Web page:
By Peter Roberts
A patch of dirt in Dubbo, NSW and a lot of hard work are starting to pay off as a second Australian rare earths producer becomes a reality in the form of Australian Strategic Materials.
In the past week ASM received firm commitments from sophisticated investors to raise $65 million to kick-start its Dubbo project and the first of a value-added metals production facilities in key markets.
An entitlement offer to existing shareholders is now underway to raise a further $41 million.
There are few more strategic resources than rare earths, zirconium, niobium, hafnium, tantalum and yttrium critical for high technology products such as computer memories, displays and permanent magnets.
Yet Australia’s Lynas Rare Earths is the largest and only scale producer in a market otherwise totally dominated by China.
ASM, the Australian Nuclear Science and Technology Organisation (ANSTO) and ASM’s 95 per cent owned South Korea arm Ziron Tech have worked hard on the Dubbo deposit and ASM’s metallisation process.
The proprietary process converts oxides into high-purity metals, alloys and powders using up to 70 per cent less energy than conventional methods.
Australian Strategic Materials has already produced high value metals such the key permanent magnet alloy Neodymium Praseodymium (NdPr) (pictured) at its Korea plant.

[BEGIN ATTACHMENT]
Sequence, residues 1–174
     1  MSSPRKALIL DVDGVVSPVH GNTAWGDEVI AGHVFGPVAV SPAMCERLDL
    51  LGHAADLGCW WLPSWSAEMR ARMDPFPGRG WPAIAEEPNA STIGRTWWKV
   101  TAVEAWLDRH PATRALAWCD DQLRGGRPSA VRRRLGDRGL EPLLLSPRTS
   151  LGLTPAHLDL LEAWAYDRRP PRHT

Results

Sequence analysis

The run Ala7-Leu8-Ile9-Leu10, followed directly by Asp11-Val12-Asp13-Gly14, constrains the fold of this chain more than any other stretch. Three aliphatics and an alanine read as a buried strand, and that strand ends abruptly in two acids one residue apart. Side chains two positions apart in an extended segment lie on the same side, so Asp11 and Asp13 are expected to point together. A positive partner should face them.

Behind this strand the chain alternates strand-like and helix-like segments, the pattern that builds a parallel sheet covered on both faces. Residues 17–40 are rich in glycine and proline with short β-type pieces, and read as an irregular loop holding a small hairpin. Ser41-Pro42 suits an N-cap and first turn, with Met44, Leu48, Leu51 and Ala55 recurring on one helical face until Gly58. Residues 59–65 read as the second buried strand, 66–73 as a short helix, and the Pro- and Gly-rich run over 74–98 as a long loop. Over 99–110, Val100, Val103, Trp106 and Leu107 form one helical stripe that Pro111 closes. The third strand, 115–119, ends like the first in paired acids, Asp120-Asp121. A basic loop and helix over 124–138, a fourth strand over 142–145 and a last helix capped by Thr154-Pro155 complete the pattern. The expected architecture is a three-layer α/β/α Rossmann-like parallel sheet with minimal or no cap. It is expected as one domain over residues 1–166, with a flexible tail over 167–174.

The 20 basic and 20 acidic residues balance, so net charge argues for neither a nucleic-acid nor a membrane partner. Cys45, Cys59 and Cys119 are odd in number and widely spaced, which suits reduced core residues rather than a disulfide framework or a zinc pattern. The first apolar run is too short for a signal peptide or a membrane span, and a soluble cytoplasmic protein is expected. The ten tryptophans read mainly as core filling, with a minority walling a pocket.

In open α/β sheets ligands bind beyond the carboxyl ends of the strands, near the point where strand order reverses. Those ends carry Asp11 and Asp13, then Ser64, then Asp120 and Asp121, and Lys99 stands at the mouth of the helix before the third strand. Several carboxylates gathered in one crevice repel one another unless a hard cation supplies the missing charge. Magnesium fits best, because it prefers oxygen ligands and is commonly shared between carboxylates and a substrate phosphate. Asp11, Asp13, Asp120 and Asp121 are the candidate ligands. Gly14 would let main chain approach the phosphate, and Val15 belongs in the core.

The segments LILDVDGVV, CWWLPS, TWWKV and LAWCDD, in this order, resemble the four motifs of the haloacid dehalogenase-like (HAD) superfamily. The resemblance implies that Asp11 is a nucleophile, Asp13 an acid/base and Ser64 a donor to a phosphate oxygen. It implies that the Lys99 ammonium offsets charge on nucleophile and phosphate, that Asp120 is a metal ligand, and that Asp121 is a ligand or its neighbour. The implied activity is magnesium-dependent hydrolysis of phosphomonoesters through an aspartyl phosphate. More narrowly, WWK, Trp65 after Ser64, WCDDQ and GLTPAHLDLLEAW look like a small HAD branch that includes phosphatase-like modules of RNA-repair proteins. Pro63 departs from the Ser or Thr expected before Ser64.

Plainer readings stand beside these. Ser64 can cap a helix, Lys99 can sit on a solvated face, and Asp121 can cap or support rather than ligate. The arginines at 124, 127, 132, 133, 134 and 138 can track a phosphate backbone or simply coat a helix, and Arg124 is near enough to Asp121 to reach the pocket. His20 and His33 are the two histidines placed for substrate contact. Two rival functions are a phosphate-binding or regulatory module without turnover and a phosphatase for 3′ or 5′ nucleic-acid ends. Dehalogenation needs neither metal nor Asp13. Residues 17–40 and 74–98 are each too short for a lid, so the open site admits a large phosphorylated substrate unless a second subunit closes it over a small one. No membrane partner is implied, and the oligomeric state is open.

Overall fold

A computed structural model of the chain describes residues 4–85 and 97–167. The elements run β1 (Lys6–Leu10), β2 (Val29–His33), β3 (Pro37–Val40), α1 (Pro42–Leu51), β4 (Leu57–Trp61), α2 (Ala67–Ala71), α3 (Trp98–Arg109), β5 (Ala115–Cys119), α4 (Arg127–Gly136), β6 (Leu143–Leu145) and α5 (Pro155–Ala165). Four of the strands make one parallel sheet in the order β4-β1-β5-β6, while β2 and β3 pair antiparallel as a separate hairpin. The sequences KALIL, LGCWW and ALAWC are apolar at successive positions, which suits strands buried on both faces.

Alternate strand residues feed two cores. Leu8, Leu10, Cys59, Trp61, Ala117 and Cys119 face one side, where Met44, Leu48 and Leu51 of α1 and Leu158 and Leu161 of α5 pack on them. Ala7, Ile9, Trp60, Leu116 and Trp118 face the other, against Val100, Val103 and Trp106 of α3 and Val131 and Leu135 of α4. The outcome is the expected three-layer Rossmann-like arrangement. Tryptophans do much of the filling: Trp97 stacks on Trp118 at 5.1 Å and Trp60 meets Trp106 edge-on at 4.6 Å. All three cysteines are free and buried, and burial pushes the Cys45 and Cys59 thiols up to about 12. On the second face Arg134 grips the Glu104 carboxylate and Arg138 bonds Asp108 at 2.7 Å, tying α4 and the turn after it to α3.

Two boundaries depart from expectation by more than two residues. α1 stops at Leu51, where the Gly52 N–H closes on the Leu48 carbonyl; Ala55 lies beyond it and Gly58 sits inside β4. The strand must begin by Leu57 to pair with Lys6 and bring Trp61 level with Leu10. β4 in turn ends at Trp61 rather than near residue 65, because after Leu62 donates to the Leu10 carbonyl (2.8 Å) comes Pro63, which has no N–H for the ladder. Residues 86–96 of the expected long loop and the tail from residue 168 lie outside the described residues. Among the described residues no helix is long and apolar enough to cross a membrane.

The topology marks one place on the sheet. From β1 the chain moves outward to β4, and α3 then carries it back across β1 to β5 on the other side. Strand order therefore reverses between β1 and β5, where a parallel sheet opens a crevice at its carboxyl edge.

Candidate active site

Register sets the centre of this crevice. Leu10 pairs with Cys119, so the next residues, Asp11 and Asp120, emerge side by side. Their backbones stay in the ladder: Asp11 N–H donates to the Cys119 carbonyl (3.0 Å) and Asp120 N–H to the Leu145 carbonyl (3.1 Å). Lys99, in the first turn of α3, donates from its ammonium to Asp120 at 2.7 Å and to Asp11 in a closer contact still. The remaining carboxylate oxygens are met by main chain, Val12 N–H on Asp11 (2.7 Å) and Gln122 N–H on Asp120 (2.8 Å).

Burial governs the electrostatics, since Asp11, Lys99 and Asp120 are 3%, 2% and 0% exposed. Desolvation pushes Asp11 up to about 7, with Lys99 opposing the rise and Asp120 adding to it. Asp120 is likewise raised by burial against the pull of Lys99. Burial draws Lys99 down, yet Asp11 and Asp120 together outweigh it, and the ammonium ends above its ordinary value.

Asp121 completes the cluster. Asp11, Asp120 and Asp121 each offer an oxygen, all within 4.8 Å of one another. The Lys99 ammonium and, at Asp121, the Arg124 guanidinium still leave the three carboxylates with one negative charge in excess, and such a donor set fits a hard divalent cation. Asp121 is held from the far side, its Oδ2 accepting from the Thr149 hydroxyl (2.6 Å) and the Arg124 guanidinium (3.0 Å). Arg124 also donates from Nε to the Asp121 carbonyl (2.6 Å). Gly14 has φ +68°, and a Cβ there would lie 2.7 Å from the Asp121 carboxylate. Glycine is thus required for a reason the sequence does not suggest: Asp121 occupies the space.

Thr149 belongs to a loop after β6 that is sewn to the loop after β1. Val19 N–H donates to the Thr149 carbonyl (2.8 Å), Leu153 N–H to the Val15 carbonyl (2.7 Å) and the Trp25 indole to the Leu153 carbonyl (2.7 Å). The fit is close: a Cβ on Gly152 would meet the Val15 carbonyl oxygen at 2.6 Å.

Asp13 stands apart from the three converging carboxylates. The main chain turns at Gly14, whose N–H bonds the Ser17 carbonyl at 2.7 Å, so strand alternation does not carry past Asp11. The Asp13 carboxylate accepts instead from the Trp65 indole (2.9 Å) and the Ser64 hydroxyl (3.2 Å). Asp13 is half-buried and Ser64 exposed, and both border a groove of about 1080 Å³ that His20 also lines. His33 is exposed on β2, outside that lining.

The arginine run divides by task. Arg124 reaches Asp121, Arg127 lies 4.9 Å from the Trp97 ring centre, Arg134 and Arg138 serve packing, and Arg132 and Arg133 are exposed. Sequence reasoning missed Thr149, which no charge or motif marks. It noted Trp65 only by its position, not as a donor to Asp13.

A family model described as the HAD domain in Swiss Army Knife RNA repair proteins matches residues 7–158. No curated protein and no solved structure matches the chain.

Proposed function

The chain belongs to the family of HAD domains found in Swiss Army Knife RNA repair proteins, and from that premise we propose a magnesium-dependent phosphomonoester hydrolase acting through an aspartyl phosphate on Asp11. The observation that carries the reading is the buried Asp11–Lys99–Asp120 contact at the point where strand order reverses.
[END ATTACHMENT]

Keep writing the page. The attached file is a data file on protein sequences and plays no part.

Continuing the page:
The cash will accelerate key FEED workstreams for the Dubbo development with $1.5 million earmarked for detailed engineering of a 5,200 tonne per annum metals plant to be built in the Ochang Foreign Investment Zone in Korea.
The $59 million plant can be expanded to produce 16,000 tonnes for the Korean market.
ASM’s pilot furnaces in Korea will start supplying the local market with titanium and rare earth permanent magnet alloy powders in the second half of 2021.
ASM managing director David Woodall says: “Korea is phase one.
“Once complete, this will provide the template for future ASM metals plants in other regions (as we) continue to progress our ‘mine to manufacturer’ strategy.
“…We continue to advance our strategy for sustainable growth, with a primary focus on developing ASM into a globally relevant, independent and integrated metals producer by 2022.”
We all love the idea of capturing as much value from Australian resources on our own shores as possible.
But ASM’s strategy makes sense as industrial countries are desperate to secure their own critical minerals supply chains.
ASM plants will satisfy local demand – Korea is an importer of permanent magnets.
The beauty here is that instead of just shipping dirt, ASM is parlaying a key resource into something that appears to be a first.
That is the development of an integrated global network of Australian owned resources and localised high value metallisation facilities.
Picture: ASM/Neodymium Praseodymium (NdPr) alloy produced at its Korea metals pilot plant
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